Article published in:Revisiting Linguistic Territoriality in Contemporary Europe
Edited by Till Burckhardt, John Coakley and László Marácz
[Language Problems and Language Planning 45:2] 2021
► pp. 164–186
The economic effects of the territoriality principle
Evidence from Transylvania, Romania
The territoriality principle stipulates that minority communities in a given territory should be linguistically accommodated. What are the economic effects of this principle? In this paper, we argue that the recognition of multiple languages confers respect on the minority group; it allows people to engage and participate meaningfully in society – thereby facilitating economic well-being. There is, however, a caveat: when recognition happens in areas where the minority is the overwhelming majority, there is a risk that the near-exclusive use of the minority language cuts the community off from the larger national state, which in turn stunts development. To test this, we focus on Transylvania, Romania. We leverage a legal stipulation that recognizes minority languages in areas where the minority constitutes more than 20% of the population. Using data at the municipal level, we find that recognition increases economic well-being in general – but not in areas where the minority are numerically dominant. Our results are normatively welcoming, but they also caution governments not simply to recognize minority languages but also to protect them adequately.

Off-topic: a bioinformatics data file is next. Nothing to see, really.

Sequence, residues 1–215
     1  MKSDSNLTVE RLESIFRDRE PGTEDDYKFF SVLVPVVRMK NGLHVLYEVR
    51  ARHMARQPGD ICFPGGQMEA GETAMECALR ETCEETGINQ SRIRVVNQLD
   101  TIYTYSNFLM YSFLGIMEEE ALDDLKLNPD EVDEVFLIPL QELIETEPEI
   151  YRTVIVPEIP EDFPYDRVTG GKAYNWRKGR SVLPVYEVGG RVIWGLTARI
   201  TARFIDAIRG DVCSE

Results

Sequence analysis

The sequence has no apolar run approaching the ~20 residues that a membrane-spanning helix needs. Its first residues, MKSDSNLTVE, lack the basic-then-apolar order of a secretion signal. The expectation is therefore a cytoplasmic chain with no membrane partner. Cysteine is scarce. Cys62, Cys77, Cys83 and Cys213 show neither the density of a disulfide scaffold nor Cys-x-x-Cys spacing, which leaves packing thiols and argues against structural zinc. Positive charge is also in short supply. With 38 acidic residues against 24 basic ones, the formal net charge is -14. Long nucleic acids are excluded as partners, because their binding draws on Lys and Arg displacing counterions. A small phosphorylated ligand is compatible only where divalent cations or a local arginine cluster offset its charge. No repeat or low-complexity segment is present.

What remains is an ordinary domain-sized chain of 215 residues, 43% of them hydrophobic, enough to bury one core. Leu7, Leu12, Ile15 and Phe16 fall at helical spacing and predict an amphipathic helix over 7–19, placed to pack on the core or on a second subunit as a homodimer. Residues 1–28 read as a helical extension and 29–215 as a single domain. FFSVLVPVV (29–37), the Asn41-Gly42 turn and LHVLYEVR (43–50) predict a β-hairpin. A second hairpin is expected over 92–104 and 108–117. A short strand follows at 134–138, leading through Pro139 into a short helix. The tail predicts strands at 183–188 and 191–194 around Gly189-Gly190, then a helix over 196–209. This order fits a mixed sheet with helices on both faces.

Keywords: economic development, linguistic diversity, minority accommodation, Romania, territoriality principle, Transylvania
- 2.The territoriality principle and minority language recognition
- 3.The moderating effects of linguistic diversity
- 4.Research design
- Dependent variable: Four measures of economic well-being
- Independent variable 1: Territoriality principle
- Independent variable 2: Linguistic fractionalization
- Control variables
- 5.Empirical evidence
- The Roma effect
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Published online: 24 November 2021
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